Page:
1 Dec. 45

regard to my personal attitude (just as Marogna had known me and just as Colonel General Beck, who was informed about me by Canaris), made the request for me. I myself did not apply, but others applied for me, for reasons which only later became clear to me, because they knew my personal attitude, just as my Austrian comrades — they were necessarily few — knew about this and about me. That is how things stood.

DR. SAUTER: I have no other questions to ask this witness.

THE PRESIDENT: Before the cross-examination I wish to announce that there will be no public session of the Tribunal this afternoon.

DR. OTTO STAHMER (Counsel for Defendant Göring): I am counsel for the Defendant Göring, and I would like to address a few questions to the witness.

Witness, if I understood you correctly, you said yesterday that it was Canaris' personal conviction that his failure to prevent the attack on Poland would mean the end of Germany and a great misfortune for us. A triumph of the system would mean an even greater disaster, and it was the purpose of General Canaris to prevent this. Did I understand you correctly?

LAHOUSEN: Yes, except for one point: Not that he had not been successful in preventing it, but that it was not possible to prevent it. Canaris had no way of knowing this . . .

DR. STAHMER: Is it known to you that Admiral Canaris, in the first years of the war, had very active sabotage organizations behind the enemy front and that he personally worked very hard for these organizations?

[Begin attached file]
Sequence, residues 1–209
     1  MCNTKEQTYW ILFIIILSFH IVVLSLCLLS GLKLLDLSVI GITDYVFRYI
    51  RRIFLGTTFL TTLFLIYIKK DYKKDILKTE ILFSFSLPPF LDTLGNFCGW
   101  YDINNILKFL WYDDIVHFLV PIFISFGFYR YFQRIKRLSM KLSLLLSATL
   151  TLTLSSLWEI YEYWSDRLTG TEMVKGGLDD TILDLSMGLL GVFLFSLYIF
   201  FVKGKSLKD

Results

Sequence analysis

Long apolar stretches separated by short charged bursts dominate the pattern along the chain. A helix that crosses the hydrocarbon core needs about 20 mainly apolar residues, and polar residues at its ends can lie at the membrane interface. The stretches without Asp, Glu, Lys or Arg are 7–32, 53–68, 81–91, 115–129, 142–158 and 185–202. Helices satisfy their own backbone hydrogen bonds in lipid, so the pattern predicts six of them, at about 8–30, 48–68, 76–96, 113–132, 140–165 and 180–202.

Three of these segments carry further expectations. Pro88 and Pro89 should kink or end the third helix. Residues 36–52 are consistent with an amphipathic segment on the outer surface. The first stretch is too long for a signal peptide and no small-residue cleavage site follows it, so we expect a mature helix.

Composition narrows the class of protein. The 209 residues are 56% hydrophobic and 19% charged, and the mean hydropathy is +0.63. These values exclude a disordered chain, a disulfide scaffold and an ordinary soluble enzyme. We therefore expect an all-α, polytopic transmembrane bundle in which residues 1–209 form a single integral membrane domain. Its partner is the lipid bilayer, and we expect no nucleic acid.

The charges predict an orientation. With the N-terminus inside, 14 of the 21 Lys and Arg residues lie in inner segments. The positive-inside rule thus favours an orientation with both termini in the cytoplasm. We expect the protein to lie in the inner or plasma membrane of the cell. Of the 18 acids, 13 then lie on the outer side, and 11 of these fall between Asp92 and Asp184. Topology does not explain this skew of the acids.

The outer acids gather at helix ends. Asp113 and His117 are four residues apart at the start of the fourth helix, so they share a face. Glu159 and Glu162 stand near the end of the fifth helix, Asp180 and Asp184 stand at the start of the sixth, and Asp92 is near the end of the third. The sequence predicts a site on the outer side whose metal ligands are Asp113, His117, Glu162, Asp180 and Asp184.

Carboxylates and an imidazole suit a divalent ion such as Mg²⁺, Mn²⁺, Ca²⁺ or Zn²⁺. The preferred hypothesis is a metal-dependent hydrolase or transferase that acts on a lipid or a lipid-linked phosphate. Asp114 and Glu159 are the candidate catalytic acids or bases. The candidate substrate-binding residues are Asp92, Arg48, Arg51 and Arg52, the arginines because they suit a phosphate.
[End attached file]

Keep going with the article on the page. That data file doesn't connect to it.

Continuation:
LAHOUSEN: Naturally I knew about that, and I have fully informed the American authorities who were interested in this subject.

DR. STAHMER: But how is that possible? This would not be in conformity with his inner political beliefs.

LAHOUSEN: This is explained by the fact that in the circle in which he was active he could never say what he really thought, and thousands of others could not do so either— what I said is a truth without saying. The essential thing is not what he said, or what he had to say in order to follow a purpose; but what he did and how he did it. This I know and others know it, too.

DR. STAHMER: This is not a question of what he said, but of what he actually did. He not only proposed such measures, but also applied himself to their execution — is that true?

LAHOUSEN: Ostensibly he had, of course, to remain within the limits of his office, in order to keep his position. That was the important thing, that he should remain in this position, to prevent